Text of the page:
Ole Miss’ offensive line
Ole Miss has played Texas, Alabama and LSU, but Missouri might have the best defensive line the Rebels will see this season. The Tigers, led by senior end Michael Sam, lead the league in sacks with 34 and rank second in rushing defense (111.9 ypg). The Rebs’ offensive line will need to protect quarterback Bo Wallace, who has done a great job this season limiting his mistakes. Last season — his first as a starter — Wallace threw 17 interceptions in 13 games; this year, he has five in 10 games.
Texas A&M cornerbacks
Texas A&M’s struggles on defense are well-documented, but the Aggies do feature a pair of talented cornerbacks in Deshazor Everett and De’Vante Harris. They will be matched up with the most talented wide receiving duo in the league, LSU’s Odell Beckham Jr. and Jarvis Landry. The Aggies might need a few big plays from their secondary — a pick-6 would certainly help — to win this game in Baton Rouge.
Daniel McCullers, DT, Tennessee
McCullers is a huge — as in 351 pounds — defensive tackle who is capable of being a difference-maker on a Tennessee defense that ranks last in the SEC in stopping the run. Vanderbilt has struggled at times against big run-stuffing tackles; last week, Kentucky’s Donte Rumph had 10 tackles and was a big reason the Commodores’ two tailbacks (Jerron Seymour and Brian Kimbrow) only averaged 3.4 yards per carry. If McCullers can help slow down the rushing attack and make quarterback Austyn Carta-Samuels uncomfortable in the pocket, Tennessee will have a great chance to win the game.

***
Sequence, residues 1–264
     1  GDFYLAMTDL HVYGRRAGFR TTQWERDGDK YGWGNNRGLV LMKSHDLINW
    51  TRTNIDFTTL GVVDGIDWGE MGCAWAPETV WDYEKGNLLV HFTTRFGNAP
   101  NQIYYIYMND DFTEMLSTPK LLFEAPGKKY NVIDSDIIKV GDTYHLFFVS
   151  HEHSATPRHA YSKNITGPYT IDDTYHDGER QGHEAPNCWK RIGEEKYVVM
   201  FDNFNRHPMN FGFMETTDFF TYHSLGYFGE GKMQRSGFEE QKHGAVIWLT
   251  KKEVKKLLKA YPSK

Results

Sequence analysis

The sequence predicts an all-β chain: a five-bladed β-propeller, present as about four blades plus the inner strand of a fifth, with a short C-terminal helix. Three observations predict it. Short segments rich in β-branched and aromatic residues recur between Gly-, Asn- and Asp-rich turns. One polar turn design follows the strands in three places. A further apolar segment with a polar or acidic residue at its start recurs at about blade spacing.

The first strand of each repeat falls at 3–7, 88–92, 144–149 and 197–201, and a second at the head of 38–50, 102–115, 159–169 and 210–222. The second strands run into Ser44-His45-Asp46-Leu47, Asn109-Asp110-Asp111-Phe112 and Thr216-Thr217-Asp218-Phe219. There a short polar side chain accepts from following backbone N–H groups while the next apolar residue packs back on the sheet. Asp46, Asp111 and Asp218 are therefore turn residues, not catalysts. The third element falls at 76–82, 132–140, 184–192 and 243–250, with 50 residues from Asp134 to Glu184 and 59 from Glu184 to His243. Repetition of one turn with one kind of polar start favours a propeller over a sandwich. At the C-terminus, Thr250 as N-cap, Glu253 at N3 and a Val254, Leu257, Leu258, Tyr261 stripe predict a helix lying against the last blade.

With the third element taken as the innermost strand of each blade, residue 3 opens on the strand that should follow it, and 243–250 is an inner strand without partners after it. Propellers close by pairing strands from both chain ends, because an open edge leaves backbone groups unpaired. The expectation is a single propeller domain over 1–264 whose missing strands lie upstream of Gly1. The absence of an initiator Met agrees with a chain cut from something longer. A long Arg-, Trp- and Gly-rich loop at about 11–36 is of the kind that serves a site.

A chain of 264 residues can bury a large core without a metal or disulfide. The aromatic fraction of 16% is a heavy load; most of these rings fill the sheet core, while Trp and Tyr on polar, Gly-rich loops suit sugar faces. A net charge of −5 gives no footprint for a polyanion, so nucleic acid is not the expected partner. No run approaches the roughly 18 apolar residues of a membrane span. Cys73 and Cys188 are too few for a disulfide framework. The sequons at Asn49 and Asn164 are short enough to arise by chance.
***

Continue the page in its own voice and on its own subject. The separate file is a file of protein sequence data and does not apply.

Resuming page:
Jonathan Krause, WR, Vanderbilt
The Commodores hope to get Krause, who has missed the last two games with a hamstring injury, back into the lineup. The senior wideout has 32 receptions for 608 yards, and his 19.0 yards-per-catch average ranks fourth in the SEC. While he was out of the lineup, Vanderbilt only dressed four wide receivers — Jordan Matthews, seldom-used junior Trent Pruitt, true freshman Jordan Cunningham and walk-on Trey Wilkin. Krause’s return would be a huge boost for the Dores, who only averaged 248 yards in the two games he missed.